Cognitive consequences of cooperative breeding? A critical appraisal
Journal of Zoology
Wiley for Zoological Society of London
The social intelligence hypothesis, which posits that the challenges of life in complex social environments drive cognitive evolution, enjoys widespread theoretical and empirical support. Recent years have seen the emergence of a novel variant of this hypothesis, suggesting that cooperative breeding is associated with the elaboration of socio-cognitive abilities. With this cooperative breeding hypothesis (CBH) rapidly gaining currency, the time is ripe for a critical appraisal. Proponents of the CBH argue that cooperative breeding leads to increased cognitive performance, calling upon cognitive and motivational processes including spontaneous prosocial tendencies, attending to and learning from conspecifics, teaching and coordinating activities. We review the literature on the natural history and cognitive abilities of cooperative breeders and other social animals and conclude that there is no compelling evidence that these processes are either unique to cooperative breeders or particularly cognitively demanding. Thus, there is currently no reason to suppose that cooperative breeding has major cognitive consequences.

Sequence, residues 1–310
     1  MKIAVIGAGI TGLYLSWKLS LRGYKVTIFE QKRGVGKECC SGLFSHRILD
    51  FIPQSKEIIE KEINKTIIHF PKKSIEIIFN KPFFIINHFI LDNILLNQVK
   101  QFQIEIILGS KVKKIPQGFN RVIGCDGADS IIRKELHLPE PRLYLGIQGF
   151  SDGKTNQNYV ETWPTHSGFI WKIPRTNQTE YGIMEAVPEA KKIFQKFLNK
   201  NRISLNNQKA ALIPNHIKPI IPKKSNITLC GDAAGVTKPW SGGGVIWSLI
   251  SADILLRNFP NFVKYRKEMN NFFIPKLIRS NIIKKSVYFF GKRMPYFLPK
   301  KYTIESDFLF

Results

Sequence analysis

Biotechnology and Biological Sciences Research Council (BBSRC)
© 2014 The Zoological Society of London. This is the accepted version of the following article: Thornton, A. and McAuliffe, K. (2015), Cognitive consequences of cooperative breeding? A critical appraisal. Journal of Zoology, 295: 12–22, which has been published in final form at http://dx.doi.org/10.1111/jzo.12198
Vol. 295 (1), pp. 12 - 22